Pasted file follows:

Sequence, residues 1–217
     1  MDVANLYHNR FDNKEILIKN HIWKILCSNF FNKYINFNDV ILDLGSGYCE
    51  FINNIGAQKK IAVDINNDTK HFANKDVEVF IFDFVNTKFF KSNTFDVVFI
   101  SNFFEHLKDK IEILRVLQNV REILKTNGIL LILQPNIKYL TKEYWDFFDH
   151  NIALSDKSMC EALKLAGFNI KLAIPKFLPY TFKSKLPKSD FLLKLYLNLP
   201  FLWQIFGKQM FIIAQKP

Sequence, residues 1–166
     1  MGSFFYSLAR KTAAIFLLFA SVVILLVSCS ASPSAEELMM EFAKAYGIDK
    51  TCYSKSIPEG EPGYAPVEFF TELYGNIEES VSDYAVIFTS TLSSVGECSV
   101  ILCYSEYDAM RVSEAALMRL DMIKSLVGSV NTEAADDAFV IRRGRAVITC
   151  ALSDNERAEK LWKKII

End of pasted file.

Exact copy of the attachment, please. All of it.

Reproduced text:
Sequence, residues 1–217
     1  MDVANLYHNR FDNKEILIKN HIWKILCSNF FNKYINFNDV ILDLGSGYCE
    51  FINNIGAQKK IAVDINNDTK HFANKDVEVF IFDFVNTKFF KSNTFDVVFI
   101  SNFFEHLKDK IEILRVLQNV REILKTNGIL LILQPNIKYL TKEYWDFFDH
   151  NIALSDKSMC EALKLAGFNI KLAIPKFLPY TFKSKLPKSD FLLKLYLNLP
   201  FLWQIFGKQM FIIAQKP

Sequence, residues 1–166
     1  MGSFFYSLAR KTAAIFLLFA SVVILLVSCS ASPSAEELMM EFAKAYGIDK
    51  TCYSKSIPEG EPGYAPVEFF TELYGNIEES VSDYAVIFTS TLSSVGECSV
   101  ILCYSEYDAM RVSEAALMRL DMIKSLVGSV NTEAADDAFV IRRGRAVITC
   151  ALSDNERAEK LWKKII